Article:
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Netflix’s “Queen Charlotte” Costume Designer Lyn Paolo Rise to the Top

The Ascension of Lyn Paolo


Aug. 16 2023, Published 2:15 p.m. ET

Films became all the craze for Lyn Paolo as she grew up in Northeast England. The big screen, the Hollywood stars, and, most importantly, the costume designs captured the eyes of the youthful Paolo. After each visit, Paolo eagerly returned home, ready to recreate the costume designs on her collection of British fashion dolls.

With each newly crafted design, a passion further developed. However, that passion subsided as Paolo pursued a career as an educator, majoring in English literature at Leeds Trinity & All Saints in England. But, her trajectory would soon change. With one suitcase, Paolo arrived in Los Angeles with her college sweetheart, who aspired to be a director.

In the States, the 22-year-old Paolo discovered her true passion as she became enamored in the film industry with her partner. Soon, ditching a career as an educator, Paolo entered the field, attempting to carve her path, taking her first job as a production assistant and craft service.

“There's such a magic about being on the set first thing in the morning and everyone congregating and the lights coming on,” Paolo shares. “I just fell in love with it.”

Climbing the ranks and various positions later, Paola made the organic move to the costume department. Paolo’s career spans over 30 years with work done on countless movies and TV series, including Netflix's hit binge-worthy series, Queen Charlotte: A Bridgerton Story.

Some of her accolades include winning an Emmy Award for outstanding achievement in costume design for TV series with her work done for the ABC’s series Homefront in 1993, but she recalls gender playing a role in her journey. Inspiring to develop her production and technical skills, she vaguely remembers being told by one team member that she would never be hired because she was a woman.

“I look back now and think, did I choose that? Because that was where women went in our business back then. Other doors weren't open back then,” Paolo said.

However, she says that any job offered she happily took. Born and raised by a coal mining father and in a working class family, she said she faced economic challenges early in her career, so any job was a blessing and beat her office job, making $350 a week.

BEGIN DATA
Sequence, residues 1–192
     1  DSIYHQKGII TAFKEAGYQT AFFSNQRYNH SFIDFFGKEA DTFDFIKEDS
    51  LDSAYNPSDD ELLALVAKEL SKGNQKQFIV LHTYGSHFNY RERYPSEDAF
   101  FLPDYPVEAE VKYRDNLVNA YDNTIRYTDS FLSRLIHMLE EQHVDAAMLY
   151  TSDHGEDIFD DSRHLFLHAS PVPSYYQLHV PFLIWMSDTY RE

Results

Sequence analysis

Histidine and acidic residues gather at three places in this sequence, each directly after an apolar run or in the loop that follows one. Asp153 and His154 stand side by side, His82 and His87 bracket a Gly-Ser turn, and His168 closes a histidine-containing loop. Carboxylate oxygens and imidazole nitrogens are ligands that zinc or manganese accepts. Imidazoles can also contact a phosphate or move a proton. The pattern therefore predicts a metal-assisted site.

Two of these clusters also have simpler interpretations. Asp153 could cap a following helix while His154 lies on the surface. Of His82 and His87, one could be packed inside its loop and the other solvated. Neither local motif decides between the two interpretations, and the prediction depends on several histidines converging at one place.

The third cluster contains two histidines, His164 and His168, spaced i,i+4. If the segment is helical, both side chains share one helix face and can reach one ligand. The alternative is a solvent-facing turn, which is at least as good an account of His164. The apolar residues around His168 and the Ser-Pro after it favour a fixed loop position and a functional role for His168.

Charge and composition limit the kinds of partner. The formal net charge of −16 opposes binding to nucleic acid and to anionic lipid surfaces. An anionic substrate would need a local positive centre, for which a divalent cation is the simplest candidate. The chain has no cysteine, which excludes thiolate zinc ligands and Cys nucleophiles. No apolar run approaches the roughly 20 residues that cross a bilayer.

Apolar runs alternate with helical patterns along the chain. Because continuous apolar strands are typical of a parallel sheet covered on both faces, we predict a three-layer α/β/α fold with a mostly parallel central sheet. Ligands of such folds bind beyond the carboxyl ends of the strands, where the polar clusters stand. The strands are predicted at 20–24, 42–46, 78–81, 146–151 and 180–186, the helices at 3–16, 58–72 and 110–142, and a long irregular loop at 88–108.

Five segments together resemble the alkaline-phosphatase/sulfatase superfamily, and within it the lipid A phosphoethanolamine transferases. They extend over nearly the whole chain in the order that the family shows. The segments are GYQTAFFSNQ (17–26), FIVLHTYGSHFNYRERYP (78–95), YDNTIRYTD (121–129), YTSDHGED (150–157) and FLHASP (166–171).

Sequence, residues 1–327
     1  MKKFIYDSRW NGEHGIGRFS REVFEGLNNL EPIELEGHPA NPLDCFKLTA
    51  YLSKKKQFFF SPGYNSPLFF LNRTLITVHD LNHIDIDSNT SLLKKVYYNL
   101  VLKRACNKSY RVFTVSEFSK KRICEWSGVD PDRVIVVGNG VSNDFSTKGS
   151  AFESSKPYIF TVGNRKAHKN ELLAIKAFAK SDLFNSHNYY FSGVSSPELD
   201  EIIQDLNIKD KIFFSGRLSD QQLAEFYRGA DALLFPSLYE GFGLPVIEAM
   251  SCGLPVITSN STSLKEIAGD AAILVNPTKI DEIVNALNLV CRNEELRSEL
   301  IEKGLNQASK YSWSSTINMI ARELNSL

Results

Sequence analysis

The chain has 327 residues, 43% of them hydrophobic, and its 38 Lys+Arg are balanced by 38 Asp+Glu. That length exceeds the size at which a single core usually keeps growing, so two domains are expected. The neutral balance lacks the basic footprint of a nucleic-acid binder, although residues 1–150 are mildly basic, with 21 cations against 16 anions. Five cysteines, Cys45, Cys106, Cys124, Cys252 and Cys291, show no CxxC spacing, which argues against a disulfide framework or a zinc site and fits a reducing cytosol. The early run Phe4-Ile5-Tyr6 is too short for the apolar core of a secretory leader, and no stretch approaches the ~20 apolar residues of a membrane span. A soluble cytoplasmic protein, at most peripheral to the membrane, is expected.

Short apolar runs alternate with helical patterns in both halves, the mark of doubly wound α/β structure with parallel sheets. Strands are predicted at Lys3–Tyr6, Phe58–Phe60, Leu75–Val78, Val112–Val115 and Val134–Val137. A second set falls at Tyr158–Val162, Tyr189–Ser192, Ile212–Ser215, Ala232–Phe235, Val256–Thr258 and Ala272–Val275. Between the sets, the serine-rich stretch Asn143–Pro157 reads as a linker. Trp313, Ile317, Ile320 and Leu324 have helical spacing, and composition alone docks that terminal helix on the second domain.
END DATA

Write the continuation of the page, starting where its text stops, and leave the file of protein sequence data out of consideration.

“I'm very grateful for the path I did take,” she says. “I absolutely love what I do.”

Three decades of work later - Paolo continues embarking on new ventures, including serving as a costume designer along with co-costume designer Laura Frecon, on the six-episode Netflix prequel series, Queen Charlotte: A Bridgerton Story, created by award-winning producer Shonda Rhimes, the visionary behind Grey’s Anatomy, Scandal and How to Get Away with Murder. As of mid-May, Queen Charlotte garnered over 158 million streamed hours in its second week, for a total of 307 million viewing hours since its debut.

“Within the little village that is a film crew, you have lots of little burrows in your village and we are all working to one end - which is to create something beautiful,” she adds.

However, despite Paolo working on Queen Charlotte with a self-described “dream team,” consisting of Director Tom Verica, Co-Executive Producer Sara Fischer, Hair and Makeup Head Nic Collins and many others, the COVID-19 pandemic struck. The world shut down, but Paolo and her team were ready to pivot.

After countless phone calls and weekly Zoom calls, the team eventually returned to the studio after several months, cautiously following advanced safety precautions and protocols. Despite the isolation and uncertainty, Paolo notes a silver lining amid all the pandemic chaos. By herself in London, Paolo tapped into her creative side from the comfort of her own space.

“All my kitchen walls were covered with images,” she says. “I had stuff everywhere. I don't know what the people we were renting from thought, “

Hours of research and collaboration, Paolo, inspired by the Georgian and Regency periods, strived to create an impressionistic experience for viewers. She sought to develop a dark palette, utilizing navy, deep burgundy and a touch of black to evoke a somber setting during the Regency period. However, with different time sequences and jumps to winter and spring, she says proved to be challenging to create a contrast of periods, including the Georgian, which did not involve a darker aesthetic.

“The joy of Queen Charlotte and the joy of the Bridgerton world is to tell the story of that period, but make it appealing to the modern eye,” Paolo explains.

Reminiscing on her red carpet experience at the premiere of “Queen Charlotte and witnessing fans dressed up in their Bridgerton-inspired costumes, she believes the show “brings a little joy to people's lives.” And as fans from across the world tune in - that creates the most special feeling for Paolo.

“I'm very fortunate that I found a career that sustains my family financially and myself. But also when I walk on the set and I see something and I think ‘oh gosh, come on, we made that’ - that is an amazing feeling,” Paolo says.

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